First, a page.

- Associated Press - Monday, March 5, 2012

WASHINGTON — The United States and Israel agree that diplomacy is the best way to resolve the crisis over potential Iranian nuclear weapons, President Barack Obama said Monday, an optimistic view that Israel’s leader declined to publicly endorse.

“Both the prime minister and I prefer to solve this diplomatically,” Obama said as he and Israeli Prime Minister Benjamin Netanyahu began several hours of White House consultations. The U.S. will consider all options in confronting what it sees as the unacceptable outcome of an Iranian bomb, Obama said.

Netanyahu used a brief, cordial session in front of the White House cameras to remind his host that Israel will decide for itself how to confront a looming threat that both unites and divides the longtime allies.

Israel, he said, must remain “the master of its fate.”

That was a pointed reference to the main question hanging over Monday’s high-stakes meeting: Whether to try to stop an Iranian bomb by with a military attack in the next several months. Many in the Israeli government lean toward striking very soon, a course the Obama administration sees as dangerously premature.

Looking directly at Obama, Netanyahu said Iran is right about one thing: Israel and the United States are indistinguishable as Iran’s enemies.

“We are you and you are us,” he said.

Obama will try to persuade Netanyahu to slow quickening pressure among many in his hawkish government to attack Iran’s disputed nuclear development sites.

Each man tried to display unity despite policy and personal differences, but ended up putting some of their divisions on display.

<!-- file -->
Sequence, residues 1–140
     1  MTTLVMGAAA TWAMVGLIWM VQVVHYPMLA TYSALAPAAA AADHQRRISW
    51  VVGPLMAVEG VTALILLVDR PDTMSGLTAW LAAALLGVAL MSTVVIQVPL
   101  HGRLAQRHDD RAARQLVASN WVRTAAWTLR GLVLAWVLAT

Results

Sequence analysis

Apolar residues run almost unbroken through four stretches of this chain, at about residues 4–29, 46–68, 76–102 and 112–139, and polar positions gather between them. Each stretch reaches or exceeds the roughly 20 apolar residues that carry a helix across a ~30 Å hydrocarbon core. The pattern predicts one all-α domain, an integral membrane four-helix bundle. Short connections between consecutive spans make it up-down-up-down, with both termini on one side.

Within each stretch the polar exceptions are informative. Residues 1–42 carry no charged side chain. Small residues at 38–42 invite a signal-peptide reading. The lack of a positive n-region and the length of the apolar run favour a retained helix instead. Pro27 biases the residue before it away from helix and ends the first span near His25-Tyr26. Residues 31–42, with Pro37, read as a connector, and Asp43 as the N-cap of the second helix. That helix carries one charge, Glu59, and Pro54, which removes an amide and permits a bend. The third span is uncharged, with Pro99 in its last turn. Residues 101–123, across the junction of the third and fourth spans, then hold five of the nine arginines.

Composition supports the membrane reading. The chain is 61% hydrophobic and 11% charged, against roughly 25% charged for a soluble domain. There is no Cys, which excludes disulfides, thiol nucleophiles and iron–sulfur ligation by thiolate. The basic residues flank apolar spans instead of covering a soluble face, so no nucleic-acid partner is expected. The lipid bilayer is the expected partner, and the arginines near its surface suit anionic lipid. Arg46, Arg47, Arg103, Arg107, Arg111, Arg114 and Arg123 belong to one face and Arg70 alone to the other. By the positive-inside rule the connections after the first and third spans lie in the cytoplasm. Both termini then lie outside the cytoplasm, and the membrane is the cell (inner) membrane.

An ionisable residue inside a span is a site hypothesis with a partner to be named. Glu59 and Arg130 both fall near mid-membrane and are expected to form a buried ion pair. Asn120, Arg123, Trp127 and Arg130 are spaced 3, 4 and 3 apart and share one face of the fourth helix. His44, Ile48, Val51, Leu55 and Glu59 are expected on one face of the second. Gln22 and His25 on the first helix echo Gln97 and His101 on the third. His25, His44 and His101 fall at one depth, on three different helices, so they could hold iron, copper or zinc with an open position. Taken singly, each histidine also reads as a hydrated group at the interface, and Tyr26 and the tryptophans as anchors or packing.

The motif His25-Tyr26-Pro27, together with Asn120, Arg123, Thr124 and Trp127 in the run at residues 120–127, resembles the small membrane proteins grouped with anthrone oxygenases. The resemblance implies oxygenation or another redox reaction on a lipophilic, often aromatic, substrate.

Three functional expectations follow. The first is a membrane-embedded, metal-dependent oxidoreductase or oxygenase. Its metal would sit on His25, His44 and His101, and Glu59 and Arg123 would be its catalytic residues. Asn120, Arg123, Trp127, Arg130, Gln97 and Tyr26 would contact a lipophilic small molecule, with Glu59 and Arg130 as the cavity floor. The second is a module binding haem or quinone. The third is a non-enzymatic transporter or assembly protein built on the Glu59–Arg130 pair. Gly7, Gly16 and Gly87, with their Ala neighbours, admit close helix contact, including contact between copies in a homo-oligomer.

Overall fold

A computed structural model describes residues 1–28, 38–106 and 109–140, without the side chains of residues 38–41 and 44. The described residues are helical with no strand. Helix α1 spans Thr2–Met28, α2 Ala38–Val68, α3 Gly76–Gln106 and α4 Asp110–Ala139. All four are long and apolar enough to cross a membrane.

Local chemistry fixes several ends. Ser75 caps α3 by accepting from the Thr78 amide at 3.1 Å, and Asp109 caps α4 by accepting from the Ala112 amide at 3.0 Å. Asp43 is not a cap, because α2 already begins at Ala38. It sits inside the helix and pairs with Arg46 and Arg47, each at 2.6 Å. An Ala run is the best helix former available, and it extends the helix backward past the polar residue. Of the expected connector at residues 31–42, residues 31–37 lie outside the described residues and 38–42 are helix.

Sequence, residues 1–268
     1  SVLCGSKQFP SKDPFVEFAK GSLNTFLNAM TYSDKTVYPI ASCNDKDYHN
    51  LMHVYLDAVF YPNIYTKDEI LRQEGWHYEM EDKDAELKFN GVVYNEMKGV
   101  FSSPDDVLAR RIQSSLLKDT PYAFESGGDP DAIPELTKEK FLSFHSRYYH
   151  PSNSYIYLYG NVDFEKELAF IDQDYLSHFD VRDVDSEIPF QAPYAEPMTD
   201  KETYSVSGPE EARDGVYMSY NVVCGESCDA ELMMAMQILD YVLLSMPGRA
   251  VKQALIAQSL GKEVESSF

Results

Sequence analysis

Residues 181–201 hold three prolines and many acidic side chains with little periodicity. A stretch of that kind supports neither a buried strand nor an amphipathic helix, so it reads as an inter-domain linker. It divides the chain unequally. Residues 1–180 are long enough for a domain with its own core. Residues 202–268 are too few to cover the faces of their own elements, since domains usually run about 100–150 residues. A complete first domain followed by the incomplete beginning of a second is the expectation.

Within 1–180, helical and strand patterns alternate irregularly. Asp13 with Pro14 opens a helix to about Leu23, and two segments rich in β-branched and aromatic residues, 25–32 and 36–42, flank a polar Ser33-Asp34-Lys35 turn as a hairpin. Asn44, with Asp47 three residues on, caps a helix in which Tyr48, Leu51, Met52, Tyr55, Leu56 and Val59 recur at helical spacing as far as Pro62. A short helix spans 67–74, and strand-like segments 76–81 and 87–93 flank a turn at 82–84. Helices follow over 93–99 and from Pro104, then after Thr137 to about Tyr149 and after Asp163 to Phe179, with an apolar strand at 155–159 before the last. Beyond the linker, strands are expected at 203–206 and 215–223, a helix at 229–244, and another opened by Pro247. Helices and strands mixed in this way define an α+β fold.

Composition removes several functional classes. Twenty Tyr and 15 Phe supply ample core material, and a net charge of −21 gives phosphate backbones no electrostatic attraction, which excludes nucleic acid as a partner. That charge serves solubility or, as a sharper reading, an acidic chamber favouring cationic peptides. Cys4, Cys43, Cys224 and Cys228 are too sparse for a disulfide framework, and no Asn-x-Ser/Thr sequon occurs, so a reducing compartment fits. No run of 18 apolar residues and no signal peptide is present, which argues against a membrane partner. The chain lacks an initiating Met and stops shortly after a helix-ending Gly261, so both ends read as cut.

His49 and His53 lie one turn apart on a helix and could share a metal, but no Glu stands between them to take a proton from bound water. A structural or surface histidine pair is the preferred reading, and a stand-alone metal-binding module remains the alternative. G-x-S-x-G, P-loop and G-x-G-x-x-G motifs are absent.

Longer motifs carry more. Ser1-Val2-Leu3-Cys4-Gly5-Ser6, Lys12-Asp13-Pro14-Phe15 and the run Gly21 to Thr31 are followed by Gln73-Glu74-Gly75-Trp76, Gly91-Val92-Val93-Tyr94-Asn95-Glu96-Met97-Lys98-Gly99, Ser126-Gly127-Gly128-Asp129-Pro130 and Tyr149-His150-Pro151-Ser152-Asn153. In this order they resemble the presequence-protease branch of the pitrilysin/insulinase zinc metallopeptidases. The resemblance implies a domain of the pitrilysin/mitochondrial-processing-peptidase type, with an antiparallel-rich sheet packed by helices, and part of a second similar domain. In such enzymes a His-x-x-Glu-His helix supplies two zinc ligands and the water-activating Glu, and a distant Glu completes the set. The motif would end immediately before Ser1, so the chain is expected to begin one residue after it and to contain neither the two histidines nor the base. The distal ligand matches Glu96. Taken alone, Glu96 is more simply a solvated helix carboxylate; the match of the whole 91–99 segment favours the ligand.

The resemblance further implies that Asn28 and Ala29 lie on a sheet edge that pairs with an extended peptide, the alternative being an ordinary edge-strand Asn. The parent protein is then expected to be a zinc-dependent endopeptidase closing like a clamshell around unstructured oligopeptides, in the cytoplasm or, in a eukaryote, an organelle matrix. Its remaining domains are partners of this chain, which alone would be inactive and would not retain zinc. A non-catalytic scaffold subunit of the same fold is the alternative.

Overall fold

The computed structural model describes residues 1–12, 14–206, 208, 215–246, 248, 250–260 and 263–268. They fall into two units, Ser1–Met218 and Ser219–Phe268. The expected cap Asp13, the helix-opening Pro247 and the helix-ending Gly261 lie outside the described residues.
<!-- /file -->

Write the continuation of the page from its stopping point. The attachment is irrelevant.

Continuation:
Israel and America stand together,” Netanyahu said.

The president is expected to tell Netanyahu in private at the White House that although the U.S. is committed to Israel’s security it does not want to be dragged into another war. Obama is unlikely to spell out U.S. “red lines” — markers that would trigger a military response — despite Israeli pressure to do so.

“It is profoundly in the United States’ interest to prevent Iran from obtaining a nuclear weapon. We do not want to see a nuclear arms race in one of the most volatile regions in the world. We do not want the possibility of a nuclear weapon falling in to the hands of terrorists, we do not want a regime that has been a state sponsor of terrorists being able to feel that it can act more aggressively,” Obama said.

Obama previewed the Oval Office meeting with a speech Sunday to American supporters of Israel, a key constituency in this election year.

Obama said he doesn’t want war but insists he would attack Iran if that was the only option left to stop that nation from getting a nuclear weapon.

“Loose talk of war” only plays into Iran’s hands, Obama said.

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